In record time Wednesday night, the remaining four board members of the Virgin Valley Water District (VVWD) appointed the newest face, Ben Davis.
After a failed nomination by Sandra Ramaker of Karl Gustaveson, who had served on the board for several years before, Vice President Barbara Ellestad nominated Davis for the position, which was then seconded by Rich Bowler. The nomination passed with a 3-1 vote in support. Ramaker was the sole nay vote.
“I am not commenting on my reasons for nominating Davis,” Ellestad told the MLN.
Davis will begin his two-year stint with the VVWD on Aug. 16 when he is sworn into the position.
“After I submitted my resume,” Davis said, “I became more familiar with the position and became more excited with the aspects. The decision making skills and background in budgets is what I have experience in. I can do this and be a positive contributor.” Davis was essentially the only applicant who did not have any experience in general water issues.
“I think with my education and work experience, this just makes sense,” he said.
The VVWD board had one more issue to contend with in their special meeting, to approve a task order with Forsgren Associates related to the Virgin River Transmission Line. According to district manager Kevin Brown, the Department of Fish and Wildlife is forcing the district to conduct a Biological Assessment in the area to determine the effects on endangered species in the area. In the memorandum provided by district hydrologist Aaron Bunker, “The EA for the project originally was going to cover five species, but after a “Google” search the regulators expanded it to seven. The EA will cover the Mojave Desert Tortoise (Gopherus agassizii; Threatened), Southwestern Willow Flycatcher (Empidonax traillii extimus, Endangered), Yellow-Billed Cuckoo (Coccyzus americanus; Threatened), Yuma Clapper Rail (Rallus longirostris yumanensis; Endangered), Virgin River Chub (Gila seminude; Endangered), Woundfin (Plagopterus argentissimus; Endangered), Razorback sucker(Xyrauchen texanus; Endangered).”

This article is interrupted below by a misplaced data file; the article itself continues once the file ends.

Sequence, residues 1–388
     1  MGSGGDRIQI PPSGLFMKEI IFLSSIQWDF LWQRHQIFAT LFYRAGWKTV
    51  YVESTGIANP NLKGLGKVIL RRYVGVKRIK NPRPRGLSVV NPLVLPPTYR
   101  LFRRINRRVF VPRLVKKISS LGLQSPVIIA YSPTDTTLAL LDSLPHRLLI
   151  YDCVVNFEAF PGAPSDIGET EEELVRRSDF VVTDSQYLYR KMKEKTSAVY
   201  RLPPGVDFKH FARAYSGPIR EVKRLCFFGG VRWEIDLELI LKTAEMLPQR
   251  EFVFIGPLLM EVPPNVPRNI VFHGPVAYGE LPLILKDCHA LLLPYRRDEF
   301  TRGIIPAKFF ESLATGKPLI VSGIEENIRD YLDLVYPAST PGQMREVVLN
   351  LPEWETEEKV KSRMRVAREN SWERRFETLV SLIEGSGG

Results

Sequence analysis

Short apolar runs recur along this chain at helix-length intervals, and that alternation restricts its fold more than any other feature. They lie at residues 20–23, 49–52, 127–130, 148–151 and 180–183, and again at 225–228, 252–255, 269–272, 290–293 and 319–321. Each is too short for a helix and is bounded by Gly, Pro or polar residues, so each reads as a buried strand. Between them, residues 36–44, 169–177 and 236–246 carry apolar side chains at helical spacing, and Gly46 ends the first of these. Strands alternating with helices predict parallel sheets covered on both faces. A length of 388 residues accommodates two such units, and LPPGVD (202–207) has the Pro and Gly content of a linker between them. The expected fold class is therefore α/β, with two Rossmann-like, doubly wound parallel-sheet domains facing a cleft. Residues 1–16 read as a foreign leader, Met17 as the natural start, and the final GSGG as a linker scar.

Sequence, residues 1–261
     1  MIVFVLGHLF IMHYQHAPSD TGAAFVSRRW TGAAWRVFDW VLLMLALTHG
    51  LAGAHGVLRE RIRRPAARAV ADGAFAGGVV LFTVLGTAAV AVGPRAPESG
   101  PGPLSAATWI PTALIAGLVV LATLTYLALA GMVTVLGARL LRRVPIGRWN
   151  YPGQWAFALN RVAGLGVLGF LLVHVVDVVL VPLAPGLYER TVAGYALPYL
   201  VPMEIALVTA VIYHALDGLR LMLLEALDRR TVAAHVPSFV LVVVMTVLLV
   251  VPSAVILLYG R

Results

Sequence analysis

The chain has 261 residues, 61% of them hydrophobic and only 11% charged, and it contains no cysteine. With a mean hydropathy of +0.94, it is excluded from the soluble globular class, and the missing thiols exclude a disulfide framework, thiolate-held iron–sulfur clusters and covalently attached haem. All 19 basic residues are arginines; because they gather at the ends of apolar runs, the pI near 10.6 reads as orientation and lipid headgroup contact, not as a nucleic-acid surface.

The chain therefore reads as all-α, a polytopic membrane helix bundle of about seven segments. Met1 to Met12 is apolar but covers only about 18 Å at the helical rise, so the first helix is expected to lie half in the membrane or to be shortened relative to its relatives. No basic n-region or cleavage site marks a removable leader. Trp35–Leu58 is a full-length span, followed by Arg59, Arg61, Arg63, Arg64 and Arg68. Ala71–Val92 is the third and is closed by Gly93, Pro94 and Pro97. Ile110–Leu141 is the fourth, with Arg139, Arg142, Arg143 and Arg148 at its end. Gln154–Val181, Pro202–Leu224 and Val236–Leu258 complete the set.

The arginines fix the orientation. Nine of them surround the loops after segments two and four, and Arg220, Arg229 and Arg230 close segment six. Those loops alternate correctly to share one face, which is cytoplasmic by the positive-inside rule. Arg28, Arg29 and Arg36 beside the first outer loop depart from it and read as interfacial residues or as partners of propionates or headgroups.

The original assessment was last conducted in 2008 when the bridge was constructed and placed. However, since the Department of Fish and Wildlife expanded the species to include two more, a new study is done. Although the board passed the approved $14,350 for the project, Lincoln County Water District general manager Wade Poulson inquired during public comment on why this all came about. “They have the power of a pen,” said Ellestad. “That’s all they need.”